“I realize now that people are not thinking about you and me or caring what is said about us. They are thinking about themselves—.... They would be a thousand times more concerned about a slight headache of their own than they would about the news of your death or mine.”
That is usually true. I have been too busy to write anything on this blog. I was in Tunisia and when I got back I had some terrific consulting opportunities come up, so I didn't write anything at all. When I got some time, I planned to write something about the training camp. And I had people to meet with at work and practice at the West Coast Judo Training Center and a dentist appointment ...
and then I received an email that Shag Okada died.
So I stopped worrying about all of the rest of that stuff to write about him. I knew Shag for nearly thirty years and in all of that time he was never once anything but helpful and kind to me. He didn't have any reason to be. In fact, thirty years ago, a lot of people would say he had reasons not to be. I was female in a sport that was supposed to be for males. I was non-Japanese in a sport that was supposed to be Japanese. There was a lot of racism and sexism. Shag should have been on that side. He was older, Japanese, male, and integral part of Nanka Judo Yudanshakai (the largest and probably oldest judo black belt organization in the country). I didn't even go to a meeting for years after I got my black belt. Things get back to me, though. One thing that got back to me nearly thirty years ago when there was a discussion of funding players to the U.S. Open and National championships. My name came up and several people were against giving me a dime. I wasn't from the "right" club, "But she's a girl!" some people objected (I was in my twenties, had a masters degree and working as an engineer at the time). It was just as well I wasn't at the meeting. Shag, who even back then was a force to be reckoned with, stood up and said,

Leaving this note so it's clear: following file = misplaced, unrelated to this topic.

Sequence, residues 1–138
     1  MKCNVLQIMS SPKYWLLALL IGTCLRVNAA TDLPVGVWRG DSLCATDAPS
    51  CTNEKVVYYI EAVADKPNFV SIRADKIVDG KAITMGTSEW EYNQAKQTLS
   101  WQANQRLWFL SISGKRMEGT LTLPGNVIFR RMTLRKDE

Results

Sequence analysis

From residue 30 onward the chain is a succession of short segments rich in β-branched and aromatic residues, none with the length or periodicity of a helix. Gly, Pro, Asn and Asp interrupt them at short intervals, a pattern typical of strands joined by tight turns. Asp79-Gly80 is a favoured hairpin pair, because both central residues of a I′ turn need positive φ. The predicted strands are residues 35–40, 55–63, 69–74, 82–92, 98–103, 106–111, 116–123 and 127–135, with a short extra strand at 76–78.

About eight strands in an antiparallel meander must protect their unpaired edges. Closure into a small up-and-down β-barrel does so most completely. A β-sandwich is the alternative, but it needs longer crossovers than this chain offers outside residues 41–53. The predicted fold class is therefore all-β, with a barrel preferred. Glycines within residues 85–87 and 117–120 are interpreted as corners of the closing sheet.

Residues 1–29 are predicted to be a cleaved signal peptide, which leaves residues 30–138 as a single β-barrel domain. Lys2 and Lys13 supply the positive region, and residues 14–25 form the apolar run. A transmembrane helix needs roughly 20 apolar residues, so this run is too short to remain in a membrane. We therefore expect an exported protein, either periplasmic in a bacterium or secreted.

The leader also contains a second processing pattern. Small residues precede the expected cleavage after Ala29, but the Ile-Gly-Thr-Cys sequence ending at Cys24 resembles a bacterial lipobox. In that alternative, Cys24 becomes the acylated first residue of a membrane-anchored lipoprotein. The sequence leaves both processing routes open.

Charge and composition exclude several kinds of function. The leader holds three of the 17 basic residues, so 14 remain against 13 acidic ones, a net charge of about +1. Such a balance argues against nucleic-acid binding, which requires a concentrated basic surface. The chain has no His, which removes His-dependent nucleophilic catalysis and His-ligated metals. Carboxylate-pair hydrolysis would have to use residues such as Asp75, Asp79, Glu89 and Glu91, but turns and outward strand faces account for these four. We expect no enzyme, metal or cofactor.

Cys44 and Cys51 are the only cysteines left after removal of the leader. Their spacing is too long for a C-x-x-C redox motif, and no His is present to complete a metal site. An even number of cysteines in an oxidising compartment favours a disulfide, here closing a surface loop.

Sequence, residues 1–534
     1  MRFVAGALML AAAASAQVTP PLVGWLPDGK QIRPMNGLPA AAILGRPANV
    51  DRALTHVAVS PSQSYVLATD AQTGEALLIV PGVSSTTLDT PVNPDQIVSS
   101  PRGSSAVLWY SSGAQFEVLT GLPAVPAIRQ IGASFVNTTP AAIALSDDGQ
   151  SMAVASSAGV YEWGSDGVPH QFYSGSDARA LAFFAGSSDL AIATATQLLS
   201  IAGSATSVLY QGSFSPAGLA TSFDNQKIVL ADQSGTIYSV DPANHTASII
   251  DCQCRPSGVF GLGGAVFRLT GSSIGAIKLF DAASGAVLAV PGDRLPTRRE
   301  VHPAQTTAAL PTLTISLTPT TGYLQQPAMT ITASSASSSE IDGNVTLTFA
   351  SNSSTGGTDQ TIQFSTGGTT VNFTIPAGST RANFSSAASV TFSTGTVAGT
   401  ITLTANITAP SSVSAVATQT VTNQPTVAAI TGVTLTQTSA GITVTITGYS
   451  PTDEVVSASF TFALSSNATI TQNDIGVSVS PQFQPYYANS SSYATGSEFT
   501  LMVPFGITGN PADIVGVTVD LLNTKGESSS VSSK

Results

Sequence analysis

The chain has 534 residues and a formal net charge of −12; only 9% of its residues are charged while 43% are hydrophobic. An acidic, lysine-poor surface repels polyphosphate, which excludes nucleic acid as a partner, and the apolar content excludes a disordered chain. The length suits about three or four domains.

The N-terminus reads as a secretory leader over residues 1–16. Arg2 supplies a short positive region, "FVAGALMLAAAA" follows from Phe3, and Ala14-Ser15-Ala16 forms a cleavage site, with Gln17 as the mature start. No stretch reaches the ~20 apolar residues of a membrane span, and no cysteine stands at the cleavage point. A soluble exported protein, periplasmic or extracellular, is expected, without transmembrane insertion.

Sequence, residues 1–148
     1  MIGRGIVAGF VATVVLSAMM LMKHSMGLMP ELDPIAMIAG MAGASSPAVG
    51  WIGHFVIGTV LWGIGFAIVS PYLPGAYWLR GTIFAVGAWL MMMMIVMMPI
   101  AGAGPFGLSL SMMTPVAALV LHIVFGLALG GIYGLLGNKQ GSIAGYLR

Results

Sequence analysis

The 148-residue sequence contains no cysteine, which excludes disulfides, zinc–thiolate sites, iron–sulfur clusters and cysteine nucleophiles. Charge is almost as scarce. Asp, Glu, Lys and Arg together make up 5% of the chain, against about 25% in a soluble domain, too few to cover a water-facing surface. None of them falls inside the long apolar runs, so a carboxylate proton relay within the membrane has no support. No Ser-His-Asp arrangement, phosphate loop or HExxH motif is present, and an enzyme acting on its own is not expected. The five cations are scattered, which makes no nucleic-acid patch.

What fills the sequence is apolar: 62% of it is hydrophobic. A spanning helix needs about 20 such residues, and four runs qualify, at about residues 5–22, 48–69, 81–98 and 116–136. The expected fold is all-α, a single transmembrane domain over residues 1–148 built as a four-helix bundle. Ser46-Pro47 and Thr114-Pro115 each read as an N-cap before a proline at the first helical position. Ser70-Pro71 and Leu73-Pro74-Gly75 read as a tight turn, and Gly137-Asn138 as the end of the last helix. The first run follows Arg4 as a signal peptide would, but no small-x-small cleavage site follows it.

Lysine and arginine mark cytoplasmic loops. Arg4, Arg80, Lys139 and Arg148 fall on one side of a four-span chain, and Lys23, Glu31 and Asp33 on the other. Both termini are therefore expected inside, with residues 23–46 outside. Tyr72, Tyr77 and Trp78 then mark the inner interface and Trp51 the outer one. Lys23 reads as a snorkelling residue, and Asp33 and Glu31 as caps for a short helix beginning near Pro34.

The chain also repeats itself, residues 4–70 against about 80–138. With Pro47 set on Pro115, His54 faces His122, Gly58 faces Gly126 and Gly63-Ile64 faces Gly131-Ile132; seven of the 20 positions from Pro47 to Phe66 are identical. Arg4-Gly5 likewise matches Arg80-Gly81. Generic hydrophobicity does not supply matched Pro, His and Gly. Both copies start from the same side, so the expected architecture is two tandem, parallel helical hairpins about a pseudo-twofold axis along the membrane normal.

"But she's winning."
It was simple, to him. And I did get the same funding as everyone else. He was for equal opportunity before it was popular.
Various judo publications would ask high-ranking black belts to predict the outcome of the next tournament. (This was before we had the Judo Forum for things like that! ) I beat every American I fought for two years straight and yet, in every publication, the only person who picked me as the one to win the Panamerican Trials, U.S. Nationals, U.S. Open, World Trials or Olympic Festival was Shag Okada. When I pointed that out to him, and thanked him after one of those tournaments he looked surprised and said,
"But I had to pick you. I've seen you train."
The reason he had seen me train is that he let me, Dawn Beers, Jimmy Martin and two dozen other judo players use his dojo, Orange County Kodokan, every single weekend for years on end. Just to help us get better. Twenty-five years later, we started the West Coast Judo Training Center based on the concept he supported back in the 1980s.
When I had a baby, I wanted to get life insurance, which was something I knew nothing about. I asked Shag, since that was his business. I trusted him and whatever he told me I would have bought. He said,
"You're young and healthy. You don't need that much life insurance. Buy this one. It's not very expensive and it's plenty for you."
That kind of shot my negative image of insurance salesmen for life.
Shag was very knowledgable about judo. He donated an enormous amount of his time to judo from the local through national level all of his life. He was even an international coach, leading the Panamerican Team. He supported me when I was president of California Judo, Inc. All of that is nice and appreciated.
More than anything, though, what I remember about Shag over thirty years is that he was generous, honest, kind and fair. If, as I really do think, the measure of your success in life is how many people will be truly sorry when you are gone, then Shag Okada was a successful person indeed.